Ever check medical symptoms online? You’re far from alone. The Pew Research Center’s Internet and American Life Project estimates that 35 percent of adults in the U.S. regularly turn to the internet to self-diagnose ailments. Only a fraction of them, however, find the information they’re searching for — such online tools only provide accurate results about 34 percent of the time.

Allon Bloch, previously CEO of Wix and Vroom, thought the industry could do better. Two years ago he cofounded K Health, a Tel Aviv primary care startup with a software platform that takes into account medical histories, the clinical outcomes of millions of people, and the experience of thousands of doctors to deliver treatment information on hundreds of diseases. It today announced that it’s raised $25 million in a series B round led by 14W, with the participation of Comcast Ventures and Mangrove Capital Partners — double its $12.5 million series A raise earlier this year, in July.

It brings K Health’s total funding to date to $37.5 million. As part of the round, 14W managing partner Alex Zubillaga and Comcast Venture’s Shawn Leavitt will join K Health’s board.

Bloch says that the proceeds — which come shortly after K Health’s smartphone app, K, crossed the 500,000-download threshold, at a rate of 10,000 to 15,000 new users a day — will allow it to launch in-app virtual physician visits in early 2019 and “accelerate the intelligence of its self-learning system.” In the months ahead, K Health plans to make available doctors with whom K users aged 18 and older will be able to consult for a fee. Said doctors will review an AI-assisted triage of the patient’s symptoms and diagnose, prescribe, or refer patients as appropriate.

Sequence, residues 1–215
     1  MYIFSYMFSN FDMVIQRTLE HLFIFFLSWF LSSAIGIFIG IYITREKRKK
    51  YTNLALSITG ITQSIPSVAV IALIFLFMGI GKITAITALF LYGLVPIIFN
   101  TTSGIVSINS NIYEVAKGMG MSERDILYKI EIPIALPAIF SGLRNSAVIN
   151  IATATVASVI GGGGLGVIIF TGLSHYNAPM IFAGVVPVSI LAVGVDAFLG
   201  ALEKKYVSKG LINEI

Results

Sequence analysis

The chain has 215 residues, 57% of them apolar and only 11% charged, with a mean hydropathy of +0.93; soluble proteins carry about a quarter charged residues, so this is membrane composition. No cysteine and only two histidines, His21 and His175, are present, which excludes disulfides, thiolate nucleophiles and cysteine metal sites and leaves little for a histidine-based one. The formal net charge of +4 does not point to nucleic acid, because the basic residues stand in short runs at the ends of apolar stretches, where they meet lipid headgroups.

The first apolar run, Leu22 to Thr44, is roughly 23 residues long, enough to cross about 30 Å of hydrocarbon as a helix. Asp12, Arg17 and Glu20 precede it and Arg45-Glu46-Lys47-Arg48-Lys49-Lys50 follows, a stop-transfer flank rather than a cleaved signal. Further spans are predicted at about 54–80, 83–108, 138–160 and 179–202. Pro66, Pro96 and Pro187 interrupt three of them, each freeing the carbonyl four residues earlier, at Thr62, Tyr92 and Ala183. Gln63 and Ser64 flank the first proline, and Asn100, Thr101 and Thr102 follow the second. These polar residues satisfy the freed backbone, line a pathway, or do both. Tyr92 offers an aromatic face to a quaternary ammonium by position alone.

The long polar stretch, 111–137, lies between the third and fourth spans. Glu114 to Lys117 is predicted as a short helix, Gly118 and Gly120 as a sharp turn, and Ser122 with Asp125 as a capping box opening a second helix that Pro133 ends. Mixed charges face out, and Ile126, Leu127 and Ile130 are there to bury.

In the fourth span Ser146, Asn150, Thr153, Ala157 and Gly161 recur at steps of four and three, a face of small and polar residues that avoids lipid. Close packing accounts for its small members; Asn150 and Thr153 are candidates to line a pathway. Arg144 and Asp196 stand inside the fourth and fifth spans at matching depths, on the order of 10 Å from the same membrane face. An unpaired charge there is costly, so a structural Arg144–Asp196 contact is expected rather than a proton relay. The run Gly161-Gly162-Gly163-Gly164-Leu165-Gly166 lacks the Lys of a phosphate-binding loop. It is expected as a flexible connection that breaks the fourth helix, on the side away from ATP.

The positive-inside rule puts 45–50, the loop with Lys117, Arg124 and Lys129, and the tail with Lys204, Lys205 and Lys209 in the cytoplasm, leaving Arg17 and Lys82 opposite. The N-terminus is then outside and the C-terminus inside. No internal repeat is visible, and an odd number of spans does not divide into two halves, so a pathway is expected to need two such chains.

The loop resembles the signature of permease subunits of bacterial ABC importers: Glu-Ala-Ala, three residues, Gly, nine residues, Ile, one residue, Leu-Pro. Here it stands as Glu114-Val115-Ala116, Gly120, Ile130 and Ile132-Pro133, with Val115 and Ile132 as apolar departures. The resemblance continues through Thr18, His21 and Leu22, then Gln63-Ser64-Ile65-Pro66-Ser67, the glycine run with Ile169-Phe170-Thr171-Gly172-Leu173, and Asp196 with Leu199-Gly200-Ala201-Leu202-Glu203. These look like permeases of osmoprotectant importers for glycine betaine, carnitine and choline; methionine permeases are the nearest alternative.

Currently, K offers same-day appointment bookings with physicians and complimentary remote consultations in cities where it’s partnered with local health systems.

There’s a wealth of competition in the budding telemedicine market, which some analysts estimate could be worth $29.6 billion by 2022 — Doctor on Demand, HealthTap, PlushCare, Teladoc, and American Well are all competing for a slice of the pie, to name a few. But Block asserts that K Health’s AI-driven approach, combined with its proprietary medical knowledge database, gives it a leg up..

“Today, if you go online and search for something as simple as a cough, you’ll see millions of results, ranging from the common cold to cancer,” Bloch told VentureBeat in an earlier interview. “With K, we use real data from millions of people so you discover and understand the medical outcomes of people like you and have informed conversations with your providers about treatment options.”

K sources from a database of millions of electronic health records and 2 billion “health events” — maladies like nausea, headaches, and vomiting — supplied by Maccabi, Israel’s second-largest health fund. Users start by downloading an app for iOS or Android and answering roughly 20 questions about their age, gender, body mass index, health history, and symptoms. A machine learning-powered backend uses the responses to build a private profile, which it compares to medical insights gleaned from physician notes and charts.

The results page shows a list of outcomes experienced by people in similar health circumstances, along with a percentage indicating the likelihood of each diagnosis. Reports and profiles can be shared with clinicians via a HIPAA-compliant messaging feature ahead of telemedical or in-person appointments, if users so choose.

“There’s so much misdiagnosis — so much overtesting and overtreatment,” Bloch said. “We see [K Health] as a tool that can help to rule out something that’s potentially serious [and] help users take control of the information … [For] people who don’t have the ability to get access to quick care, that’s crucial.”

K Health is funded in part by Maccabi and Morris Kahn Institute for Research and Innovation, the tech incubation arm of Tel Aviv, Israel-based health maintenance organization (HMO) Maccabi Health. It says that any profits from the app will be reinvested into K Health’s database.

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